A woman running a sex worker-dispatching business sued the state on Wednesday, saying its blanket exclusion of the sex industry from a cash handout program to support small companies hit by the coronavirus is discrimination banned under the Constitution.

In the lawsuit filed with the Tokyo District Court, the woman, who operates the business in western Japan's Kansai area, demanded the payment of the benefits as well as consolation money for having been discriminated against "without reasonable grounds," her lawyers said.

A group of lawyers representing a a sex business operator walk to the Tokyo District Court on Sept. 23, 2020, to sue the state over its blanket exclusion of the sex industry from a cash handout program amid the coronavirus pandemic. (Kyodo)

The defendants also include Recruit Co. and Deloitte Tohmatsu Financial Advisory LLC, according to the lawyers. The two firms are in charge of clerical work for the relief program.

As part of financial assistance to smaller businesses suffering from plunging revenues due to the virus spread, the government provides a maximum 2 million yen ($19,000) in one-off lump sum. It also offers benefits to help them pay rent.

However, businesses in the sex industry, such as companies dispatching sex workers and operators of "love hotels," or accommodations for sexual activities, are not covered by the scheme.

The lawyers said the woman suspended her business between mid-April and late May in accordance with business closure requests from the local authorities to contain the virus spread.

As a result, her business saw its revenue dive 80 percent in April and 70 percent in May from year-before levels.

When she and other sex business operators met with an official at the Small and Medium Enterprise Agency in June to ask for their companies to be included in the handout program, the official rejected their request, saying such businesses "have previously been excluded from public support, such as ones following natural disasters," and that the agency merely "followed the past responses" made by the state.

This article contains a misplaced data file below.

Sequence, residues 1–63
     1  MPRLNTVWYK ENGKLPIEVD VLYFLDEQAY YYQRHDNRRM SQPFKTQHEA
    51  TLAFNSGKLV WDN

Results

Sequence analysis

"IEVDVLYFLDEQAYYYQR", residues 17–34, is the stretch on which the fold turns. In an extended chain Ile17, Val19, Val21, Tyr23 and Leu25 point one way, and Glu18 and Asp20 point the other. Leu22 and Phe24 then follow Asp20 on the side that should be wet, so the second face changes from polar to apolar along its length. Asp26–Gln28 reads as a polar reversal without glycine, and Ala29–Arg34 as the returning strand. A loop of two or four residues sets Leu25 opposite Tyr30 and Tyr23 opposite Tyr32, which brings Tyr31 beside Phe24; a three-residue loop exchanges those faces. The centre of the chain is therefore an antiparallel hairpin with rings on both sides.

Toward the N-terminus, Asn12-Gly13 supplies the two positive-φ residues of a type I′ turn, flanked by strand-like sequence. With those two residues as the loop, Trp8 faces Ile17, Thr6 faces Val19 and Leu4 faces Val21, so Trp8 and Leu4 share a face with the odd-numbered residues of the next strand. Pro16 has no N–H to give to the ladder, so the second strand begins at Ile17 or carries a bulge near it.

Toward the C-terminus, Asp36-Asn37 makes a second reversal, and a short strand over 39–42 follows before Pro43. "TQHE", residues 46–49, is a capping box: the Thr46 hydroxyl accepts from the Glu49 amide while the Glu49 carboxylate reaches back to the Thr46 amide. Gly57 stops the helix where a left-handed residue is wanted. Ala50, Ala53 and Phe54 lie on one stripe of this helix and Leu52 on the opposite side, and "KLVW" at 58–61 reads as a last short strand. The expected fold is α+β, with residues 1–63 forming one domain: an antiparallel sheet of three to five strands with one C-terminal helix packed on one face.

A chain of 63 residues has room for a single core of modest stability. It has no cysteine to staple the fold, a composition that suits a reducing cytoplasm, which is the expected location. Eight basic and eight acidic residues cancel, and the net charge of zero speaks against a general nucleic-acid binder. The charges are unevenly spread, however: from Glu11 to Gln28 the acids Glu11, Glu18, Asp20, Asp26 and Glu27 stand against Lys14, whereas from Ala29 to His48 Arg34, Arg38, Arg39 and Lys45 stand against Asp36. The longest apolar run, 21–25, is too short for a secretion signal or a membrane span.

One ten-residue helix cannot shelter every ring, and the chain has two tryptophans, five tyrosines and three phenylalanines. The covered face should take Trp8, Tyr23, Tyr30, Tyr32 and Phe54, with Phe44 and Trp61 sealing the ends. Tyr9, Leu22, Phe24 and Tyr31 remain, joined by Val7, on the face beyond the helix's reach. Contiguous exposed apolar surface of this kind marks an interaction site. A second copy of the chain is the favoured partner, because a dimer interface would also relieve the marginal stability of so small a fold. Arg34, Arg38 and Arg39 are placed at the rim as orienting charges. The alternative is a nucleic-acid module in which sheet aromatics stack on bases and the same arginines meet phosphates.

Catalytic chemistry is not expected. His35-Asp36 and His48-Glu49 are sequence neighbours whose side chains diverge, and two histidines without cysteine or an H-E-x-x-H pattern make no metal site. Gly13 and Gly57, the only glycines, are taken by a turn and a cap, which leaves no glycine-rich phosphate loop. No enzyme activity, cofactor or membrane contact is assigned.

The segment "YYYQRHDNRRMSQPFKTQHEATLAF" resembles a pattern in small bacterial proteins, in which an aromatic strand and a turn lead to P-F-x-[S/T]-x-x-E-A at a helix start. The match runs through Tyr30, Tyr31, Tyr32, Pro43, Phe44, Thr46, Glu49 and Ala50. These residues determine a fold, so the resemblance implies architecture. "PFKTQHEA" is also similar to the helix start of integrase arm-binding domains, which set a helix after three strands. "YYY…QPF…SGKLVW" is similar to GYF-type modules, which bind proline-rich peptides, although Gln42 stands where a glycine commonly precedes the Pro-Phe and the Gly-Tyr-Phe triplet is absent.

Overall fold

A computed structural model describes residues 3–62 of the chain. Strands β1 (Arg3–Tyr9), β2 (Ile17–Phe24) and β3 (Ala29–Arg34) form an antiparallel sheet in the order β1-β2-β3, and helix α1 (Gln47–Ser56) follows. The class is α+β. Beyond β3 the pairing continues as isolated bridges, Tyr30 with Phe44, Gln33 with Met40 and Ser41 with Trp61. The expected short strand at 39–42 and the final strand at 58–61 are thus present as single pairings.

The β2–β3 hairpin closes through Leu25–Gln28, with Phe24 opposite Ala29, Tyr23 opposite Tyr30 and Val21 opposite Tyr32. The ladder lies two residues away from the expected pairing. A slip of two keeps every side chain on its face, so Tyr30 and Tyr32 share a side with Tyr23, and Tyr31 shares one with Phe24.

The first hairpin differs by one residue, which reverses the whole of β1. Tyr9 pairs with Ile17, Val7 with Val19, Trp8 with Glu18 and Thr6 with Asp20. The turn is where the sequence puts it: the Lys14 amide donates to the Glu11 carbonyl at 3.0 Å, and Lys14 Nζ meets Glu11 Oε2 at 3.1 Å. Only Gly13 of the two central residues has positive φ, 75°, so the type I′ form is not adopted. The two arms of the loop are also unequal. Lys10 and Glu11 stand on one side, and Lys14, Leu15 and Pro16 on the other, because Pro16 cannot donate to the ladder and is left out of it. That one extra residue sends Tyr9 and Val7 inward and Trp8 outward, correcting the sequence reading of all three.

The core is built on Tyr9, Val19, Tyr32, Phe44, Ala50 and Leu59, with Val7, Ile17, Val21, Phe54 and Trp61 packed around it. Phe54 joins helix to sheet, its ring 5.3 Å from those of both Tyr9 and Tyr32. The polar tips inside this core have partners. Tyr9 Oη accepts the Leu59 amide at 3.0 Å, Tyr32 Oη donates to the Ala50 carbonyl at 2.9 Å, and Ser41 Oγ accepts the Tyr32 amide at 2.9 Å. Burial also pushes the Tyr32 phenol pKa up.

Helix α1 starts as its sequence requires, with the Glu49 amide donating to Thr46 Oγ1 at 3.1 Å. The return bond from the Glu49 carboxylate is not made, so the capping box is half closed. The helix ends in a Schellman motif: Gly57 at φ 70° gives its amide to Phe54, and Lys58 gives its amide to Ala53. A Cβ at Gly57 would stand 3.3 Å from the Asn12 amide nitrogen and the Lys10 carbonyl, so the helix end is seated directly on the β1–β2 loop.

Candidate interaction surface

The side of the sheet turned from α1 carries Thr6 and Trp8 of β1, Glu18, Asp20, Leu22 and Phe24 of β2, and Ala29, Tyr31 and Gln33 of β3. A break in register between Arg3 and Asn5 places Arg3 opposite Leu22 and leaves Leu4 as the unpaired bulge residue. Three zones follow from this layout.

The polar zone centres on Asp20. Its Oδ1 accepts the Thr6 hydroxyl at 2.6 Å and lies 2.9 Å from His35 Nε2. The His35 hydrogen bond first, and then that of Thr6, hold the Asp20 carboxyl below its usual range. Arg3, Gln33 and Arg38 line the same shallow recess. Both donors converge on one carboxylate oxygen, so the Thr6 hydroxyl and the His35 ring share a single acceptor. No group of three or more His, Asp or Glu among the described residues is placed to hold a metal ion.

But supporters of the plaintiff say the government feared possible public backlash in case it provides taxpayers' money to sex business operators, a stance they say will only deepen discrimination against the industry and its workers.

According to the lawyers, the plaintiff files income tax returns and operates her business in compliance with laws regulating the sex industry.

The woman told Kyodo News in August she had decided to go to court over the issue because it "concerns the lives of people who work" in her business. "The state has yet to provide any convincing explanation" for the exclusion," she also said at the time.

Yusuke Taira, the chief of the team of lawyers defending her, has said it is "irrational" for the state to not provide benefits to sex industry businesses across the board, including those abiding by the law, calling the state "capitalizing on public discrimination" against the industry.

According to the National Police Agency, there were 31,956 sex industry businesses registered with the authorities nationwide as of the end of 2019, up marginally, or 0.1 percent, from the previous year.

More than 60 percent of them were sex worker-dispatching businesses, at 20,319.

Article 14 of the Constitution provides for equality for all, prohibiting discrimination "in political, economic or social relations because of race, creed, sex, social status or family origin."

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